I don't have anything to say about the mechanics of deriving ethical attitudes within communities other than to note it's a process driven internally and may indeed result in what we might call "bad" ethical attitudes. I also tend to the view that many improvements in social justice terms only become viable when the economic argument is satisfied (eg, perhaps, slavery and equal participation in the workforce for women), but I won't pretend to have more than a cursory awareness of such things. My point is merely to note that social beliefs and attitudes in this regard spring from some kind of internal deliberation.

    I suspect the biggest obstacle to any kind of genuine representation for animals in the development of rights-based frameworks is simply species. It is much easier for humans to gain greater participation when the empirical evidence supports them (they are, after all, human) AND they can have their own say. Personally, I don't really object to this. I realise people can claim speciesism or appeals to nature in my stance, but the fact that the world we have depends upon inter-species competition and exploitation (as well as co-operation) is not to be ignored. There is no real reason I can see for us to have to disregard species as a factor in working out how to treat other animals. Relations between humans and other animals is not the same as relations between humans.

    As I noted, pretending that other animals perceive the world very much as we do or share similar interests or have cognitive capacities that approach ours isn't really helpful when the science tends to point in the opposite direction. That isn't to disparage other animals - they are very capable in their own ways, many do have quite rich cognitive and perceptual lives and we should do a lot better than we do in respecting them. I just am not convinced that respect has to amount to some kind of belief that we should never harm them or use them. I think we need a pragmatic definition for what "as far as is possible and practicable" means.

    Don't get me wrong though. The reason I endorse vegan ethics is because the philosophy places a genuine weight on the intrinsic value of other animals. That is, we actually care about them for themeselves. Other philosophies such as say reducetarianism are more self-focused. Plus of course veganism is broader and tackles issues such as animal testing, use of animals for sport and pleasure, indeed the whole gamut of human relations with other animals.

    By the way, I agree with you regarding the case for comparing wild animal suffering with that of farmed animals. I often have this conversation with farmers and they seem not to get it. We can't justify the harming of an animal we own on the basis that it's less of a harm than a wild animal suffers (indeed, the harms a farmed animal experiences are on the shoulders of the farmer). The two are not causally related in any way. Where I think wild animal suffering raises its head is in making a fair assessment of the harms we do and the extent to which we should cause them. I gave two examples earlier.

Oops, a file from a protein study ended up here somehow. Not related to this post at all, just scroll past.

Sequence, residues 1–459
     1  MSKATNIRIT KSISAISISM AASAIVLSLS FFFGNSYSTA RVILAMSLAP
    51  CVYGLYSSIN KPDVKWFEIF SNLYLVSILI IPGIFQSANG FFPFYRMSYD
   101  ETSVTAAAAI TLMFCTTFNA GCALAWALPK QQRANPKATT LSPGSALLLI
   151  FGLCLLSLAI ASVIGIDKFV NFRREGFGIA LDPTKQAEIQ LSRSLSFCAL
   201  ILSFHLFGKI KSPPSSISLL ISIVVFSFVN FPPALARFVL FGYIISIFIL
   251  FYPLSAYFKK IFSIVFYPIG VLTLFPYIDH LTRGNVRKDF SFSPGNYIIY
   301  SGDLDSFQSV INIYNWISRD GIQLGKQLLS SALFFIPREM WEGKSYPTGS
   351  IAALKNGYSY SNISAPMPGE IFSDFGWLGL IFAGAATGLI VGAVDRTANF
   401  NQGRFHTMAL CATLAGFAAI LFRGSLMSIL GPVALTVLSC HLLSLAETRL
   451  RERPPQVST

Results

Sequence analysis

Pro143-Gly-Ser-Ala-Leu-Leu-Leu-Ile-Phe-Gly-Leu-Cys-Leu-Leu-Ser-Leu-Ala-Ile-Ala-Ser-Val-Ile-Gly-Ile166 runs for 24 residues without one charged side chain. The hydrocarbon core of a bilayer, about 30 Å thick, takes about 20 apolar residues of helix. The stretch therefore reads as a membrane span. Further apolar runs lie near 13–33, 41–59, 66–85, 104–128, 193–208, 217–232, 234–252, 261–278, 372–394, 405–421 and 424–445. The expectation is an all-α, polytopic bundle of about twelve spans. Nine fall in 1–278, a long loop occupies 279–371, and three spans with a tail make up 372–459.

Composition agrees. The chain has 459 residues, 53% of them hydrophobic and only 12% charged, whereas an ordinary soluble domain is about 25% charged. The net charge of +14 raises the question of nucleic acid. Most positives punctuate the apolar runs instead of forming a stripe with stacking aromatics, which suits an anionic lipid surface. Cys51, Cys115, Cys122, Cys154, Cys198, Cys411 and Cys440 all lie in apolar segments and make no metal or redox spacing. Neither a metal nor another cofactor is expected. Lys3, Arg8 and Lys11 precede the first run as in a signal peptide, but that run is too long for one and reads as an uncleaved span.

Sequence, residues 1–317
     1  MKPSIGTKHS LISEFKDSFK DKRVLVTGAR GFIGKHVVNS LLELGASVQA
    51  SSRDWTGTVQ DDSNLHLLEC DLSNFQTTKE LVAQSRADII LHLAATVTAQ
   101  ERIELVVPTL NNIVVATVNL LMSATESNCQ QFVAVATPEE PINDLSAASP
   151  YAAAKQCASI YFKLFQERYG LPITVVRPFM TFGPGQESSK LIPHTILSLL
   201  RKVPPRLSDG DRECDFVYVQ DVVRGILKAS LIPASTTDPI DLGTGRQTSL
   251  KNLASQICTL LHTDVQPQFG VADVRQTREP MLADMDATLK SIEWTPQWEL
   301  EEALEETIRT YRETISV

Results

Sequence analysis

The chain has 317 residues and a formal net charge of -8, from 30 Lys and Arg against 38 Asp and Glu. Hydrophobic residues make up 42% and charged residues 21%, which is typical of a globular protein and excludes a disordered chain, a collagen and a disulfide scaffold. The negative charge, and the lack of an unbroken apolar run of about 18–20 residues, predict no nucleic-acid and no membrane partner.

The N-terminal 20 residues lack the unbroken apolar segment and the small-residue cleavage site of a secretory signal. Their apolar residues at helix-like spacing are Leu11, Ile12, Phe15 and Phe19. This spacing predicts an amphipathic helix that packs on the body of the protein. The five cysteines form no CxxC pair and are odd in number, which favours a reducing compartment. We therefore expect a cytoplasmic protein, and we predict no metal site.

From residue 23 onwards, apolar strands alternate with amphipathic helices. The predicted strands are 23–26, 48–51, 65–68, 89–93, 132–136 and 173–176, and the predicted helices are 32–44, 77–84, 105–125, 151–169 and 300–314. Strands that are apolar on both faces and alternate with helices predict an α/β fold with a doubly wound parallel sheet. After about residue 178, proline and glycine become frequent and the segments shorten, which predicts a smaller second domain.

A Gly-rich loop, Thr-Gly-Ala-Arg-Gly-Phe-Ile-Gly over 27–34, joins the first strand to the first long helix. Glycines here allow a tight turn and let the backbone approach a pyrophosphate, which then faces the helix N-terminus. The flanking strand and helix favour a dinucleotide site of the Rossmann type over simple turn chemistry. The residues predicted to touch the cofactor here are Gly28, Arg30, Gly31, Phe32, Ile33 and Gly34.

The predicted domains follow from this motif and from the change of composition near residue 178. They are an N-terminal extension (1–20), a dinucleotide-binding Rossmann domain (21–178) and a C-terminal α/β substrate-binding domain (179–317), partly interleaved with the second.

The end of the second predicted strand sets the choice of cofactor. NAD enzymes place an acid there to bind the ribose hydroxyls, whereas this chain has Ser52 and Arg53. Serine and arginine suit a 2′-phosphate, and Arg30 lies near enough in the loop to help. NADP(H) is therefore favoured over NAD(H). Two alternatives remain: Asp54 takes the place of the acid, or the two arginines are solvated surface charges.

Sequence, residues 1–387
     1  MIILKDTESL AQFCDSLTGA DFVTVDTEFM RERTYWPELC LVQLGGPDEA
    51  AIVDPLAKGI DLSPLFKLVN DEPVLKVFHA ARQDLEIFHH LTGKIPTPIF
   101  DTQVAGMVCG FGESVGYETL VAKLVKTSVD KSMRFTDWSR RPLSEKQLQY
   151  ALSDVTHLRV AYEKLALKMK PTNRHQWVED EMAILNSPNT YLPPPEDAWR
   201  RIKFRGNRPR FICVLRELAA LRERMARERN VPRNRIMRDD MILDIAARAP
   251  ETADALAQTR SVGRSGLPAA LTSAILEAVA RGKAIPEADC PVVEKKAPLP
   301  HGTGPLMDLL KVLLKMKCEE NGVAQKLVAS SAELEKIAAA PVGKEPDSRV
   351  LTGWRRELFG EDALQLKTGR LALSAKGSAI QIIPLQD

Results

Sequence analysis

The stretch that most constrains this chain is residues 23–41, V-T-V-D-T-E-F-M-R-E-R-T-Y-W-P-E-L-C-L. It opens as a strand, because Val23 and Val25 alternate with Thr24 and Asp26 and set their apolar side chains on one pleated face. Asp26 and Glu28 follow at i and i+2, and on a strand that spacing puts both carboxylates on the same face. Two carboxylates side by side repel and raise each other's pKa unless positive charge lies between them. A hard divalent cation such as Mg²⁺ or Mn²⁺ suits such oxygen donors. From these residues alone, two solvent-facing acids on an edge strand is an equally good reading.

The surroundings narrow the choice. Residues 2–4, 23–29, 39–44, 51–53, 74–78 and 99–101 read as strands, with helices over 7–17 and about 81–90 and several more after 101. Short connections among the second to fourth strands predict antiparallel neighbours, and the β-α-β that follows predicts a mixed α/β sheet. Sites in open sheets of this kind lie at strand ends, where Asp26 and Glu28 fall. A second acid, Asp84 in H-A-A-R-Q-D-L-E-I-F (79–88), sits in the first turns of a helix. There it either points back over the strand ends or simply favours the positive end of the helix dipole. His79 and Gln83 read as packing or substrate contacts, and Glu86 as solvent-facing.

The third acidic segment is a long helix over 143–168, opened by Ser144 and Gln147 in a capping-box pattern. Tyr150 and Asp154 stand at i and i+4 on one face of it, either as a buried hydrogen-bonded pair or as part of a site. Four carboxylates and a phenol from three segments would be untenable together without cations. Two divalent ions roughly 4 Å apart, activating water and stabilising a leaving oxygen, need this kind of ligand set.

One is crop related harms, which to my mind extends beyond just harvesting deaths. I have had a pretty fair go at tackling this and have read about all the genuine literature that seems to be out there and in the end, I think it probably is the case that not eating any animals comes out ahead (but only when we factor in farmed and wild-caught aquatic animals as well), but it's by no means a secure case. I think someone eating only range grazed beef and lamb could be doing less harm overall than an urban vegan, especially when we consider related factors such as ecological and environmental impacts. I kind of think that in the world have, it is overall better, for now at least, to have some animal farming. But I'd much rather it was informed by vegan ethics. I do have much more I could say on that.

    The other concern is that of wild animal suffering in the case that we abandon animal farming and return the land to nature. This would lead to much wild animal suffering and it's not clear to me that this is a gain. Grazing sheep and cattle in ethical and environmentally responsible ways can do much to manage the land by increasing local biodiversity, improving water cycles and so on. But more to the point, the responsible farmer can do much to alleviate animal suffering on his holdings. In particular, he can attend the needs and health of his herd far more so than most of us can do in regard to wild animals. Much farming land has been much changed by that use - in Australia, traditional animal ag methods have led to considerable degradation. To abandon that land to nature may not be a gain, while responsible farmers can do much to improve the land and ensure its sustainability into the future. Two very good books that cover that in the Australian context are Call of the Reed Warbler and The Wooleen Way. I have talked with both authors and they have a lot to say. Such people *should* be in the debate yet are so often excluded by the evangelical vegans/advocates.

    In the end, while I would like to see the world move to the least possible use and harm of other animals that we can attain, I don't know that the goal has to be abolitionism or even animal rights in the manner so many appear to endorse. Perhaps veganism could have greater influence if it were encouraged and expounded in a more genuinely meaningful way than by blind adherence to an often ill-considered ideology.